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From seeds to the lunch tray

Shasta Elementary students, staff plant three kinds of lettuce in new plant tower

In about a month, Shasta Elementary School students will be eating lettuce for lunch that they have watched grow from seed.

The first crop of lettuce was planted Wednesday morning in the school’s Juice Plus Tower Garden, an aeroponic system that uses water, liquid nutrients, and lights to grow produce indoors. Henley High School freshman Lanie Cox helped fourth-graders Bailey Gelhardt and Sophie Rietdyk plant three types of lettuce – butter crunch, burpee bibb and gourmet – in the futuristic-looking planter.

Shasta Elementary School Principal Randy Rose called the new tower garden an initial step towards his goal of having a full-size, operating greenhouse on the school campus. The school plans to start a garden club for students this spring.

“This is the appetizer,” he said. “It’s important for kids to understand how to grow food. There’s more to it than just putting a seed in the dirt and watering it.”

Students crowded around the lighted tower as school started, firing questions at Anna Barlowe, a Food Corps service member who teaches nutrition and helps with Farm to School programs at Shasta and Henley elementaries. She explained how a timer releases water and liquid nutrition to help the plants grow without soil.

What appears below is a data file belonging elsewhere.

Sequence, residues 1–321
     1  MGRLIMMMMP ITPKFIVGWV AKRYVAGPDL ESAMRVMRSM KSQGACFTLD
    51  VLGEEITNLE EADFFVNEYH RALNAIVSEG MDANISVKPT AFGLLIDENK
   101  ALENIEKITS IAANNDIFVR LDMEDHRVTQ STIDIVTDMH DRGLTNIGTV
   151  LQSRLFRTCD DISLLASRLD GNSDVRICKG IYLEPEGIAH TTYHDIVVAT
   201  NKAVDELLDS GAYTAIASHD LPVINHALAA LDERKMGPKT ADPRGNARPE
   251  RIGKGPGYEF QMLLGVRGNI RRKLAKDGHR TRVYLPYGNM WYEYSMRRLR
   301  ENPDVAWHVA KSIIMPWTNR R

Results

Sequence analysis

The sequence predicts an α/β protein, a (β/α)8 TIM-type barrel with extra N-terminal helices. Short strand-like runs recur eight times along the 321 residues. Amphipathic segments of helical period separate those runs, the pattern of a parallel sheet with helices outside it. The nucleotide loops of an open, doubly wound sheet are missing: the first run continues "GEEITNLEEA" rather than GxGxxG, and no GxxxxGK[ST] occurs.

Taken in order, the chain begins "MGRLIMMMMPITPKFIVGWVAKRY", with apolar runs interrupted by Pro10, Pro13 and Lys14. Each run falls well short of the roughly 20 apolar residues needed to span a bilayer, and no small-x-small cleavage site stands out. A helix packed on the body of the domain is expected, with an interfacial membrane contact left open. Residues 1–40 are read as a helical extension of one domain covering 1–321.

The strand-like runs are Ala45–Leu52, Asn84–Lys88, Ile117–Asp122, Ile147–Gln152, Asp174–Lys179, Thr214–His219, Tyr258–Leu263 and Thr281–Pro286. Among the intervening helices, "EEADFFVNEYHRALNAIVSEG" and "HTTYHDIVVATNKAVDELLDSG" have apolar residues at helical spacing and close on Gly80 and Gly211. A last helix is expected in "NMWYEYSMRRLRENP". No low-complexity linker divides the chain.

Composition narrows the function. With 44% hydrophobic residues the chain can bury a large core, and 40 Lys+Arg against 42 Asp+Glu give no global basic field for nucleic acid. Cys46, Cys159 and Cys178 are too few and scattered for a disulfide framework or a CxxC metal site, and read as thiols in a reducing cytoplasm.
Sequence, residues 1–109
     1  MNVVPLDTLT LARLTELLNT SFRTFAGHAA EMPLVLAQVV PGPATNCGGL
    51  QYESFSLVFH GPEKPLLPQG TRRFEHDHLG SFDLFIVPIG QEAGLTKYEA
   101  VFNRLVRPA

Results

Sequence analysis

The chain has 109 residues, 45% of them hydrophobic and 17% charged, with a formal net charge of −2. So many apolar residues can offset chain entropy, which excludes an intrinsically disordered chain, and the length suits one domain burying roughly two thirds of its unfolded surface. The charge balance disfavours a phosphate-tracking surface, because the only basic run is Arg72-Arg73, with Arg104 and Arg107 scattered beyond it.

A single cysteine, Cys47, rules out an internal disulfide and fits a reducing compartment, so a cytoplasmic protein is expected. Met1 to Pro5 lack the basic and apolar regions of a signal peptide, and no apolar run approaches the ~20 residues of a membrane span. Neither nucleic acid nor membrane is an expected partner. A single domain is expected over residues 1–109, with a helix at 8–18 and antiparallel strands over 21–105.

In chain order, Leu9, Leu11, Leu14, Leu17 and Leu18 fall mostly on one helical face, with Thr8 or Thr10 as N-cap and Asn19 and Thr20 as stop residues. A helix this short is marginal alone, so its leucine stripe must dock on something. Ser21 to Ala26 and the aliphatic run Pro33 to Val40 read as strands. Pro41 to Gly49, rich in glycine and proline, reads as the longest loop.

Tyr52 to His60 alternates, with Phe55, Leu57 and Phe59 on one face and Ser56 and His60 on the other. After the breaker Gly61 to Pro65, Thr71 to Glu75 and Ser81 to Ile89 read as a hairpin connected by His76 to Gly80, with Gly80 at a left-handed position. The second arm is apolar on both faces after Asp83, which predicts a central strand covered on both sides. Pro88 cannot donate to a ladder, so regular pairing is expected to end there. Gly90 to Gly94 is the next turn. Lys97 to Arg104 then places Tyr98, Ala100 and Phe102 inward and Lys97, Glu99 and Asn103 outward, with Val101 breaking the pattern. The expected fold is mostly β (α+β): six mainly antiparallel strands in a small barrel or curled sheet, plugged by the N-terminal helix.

The tower garden system was original purchased in 2017 by Cox and classmate Holly Parker as a sixth-grade TAG (Talented and Gifted) project for Henley Elementary School. Since Henley wasn’t using the system anymore, P.E. teacher Tiffany Poe, who works at both schools, arranged for the tower to be donated to Shasta.

Cox and her mother, Racheal Cox, were on hand Wednesday to teach Gelhardt and Rietdyk how to measure pH, which they will do weekly, to determine needed liquid nutrition levels for the system. Poe, who started the lettuce seeds from scratch, helped the students and staff members plant them into the tower. She then used a smaller aeroponic system to plant herbs, letting students help. The tower can be used to grow a variety of vegetables, but for this first crop Shasta will focus on lettuce.

Shasta Elementary Head Cook Dawn Alexander, who regularly incorporates local food into the menu as part of the district’s Farm to School program, is excited about growing fresh produce in view of the school cafeteria.

“I think it is going to be cool for the students to watch it grow day to day,” she said.

Alexander hopes to eventually produce enough lettuce from the tower system that the school won’t have to purchase any from outside sources.

“My goal is that we can use this lettuce exclusively on the garden cart,” she said. “The kids went bonkers over the fresh spinach we served last year from Sweet Union Farm.”

Sweet Union is a small Klamath Falls farm that provides local produce through the district’s Farm to School program. That program provides tastings of a variety of local foods and is focusing on developing a way for local producers and farmers to regularly provide food, including produce and beef, to school cafeterias.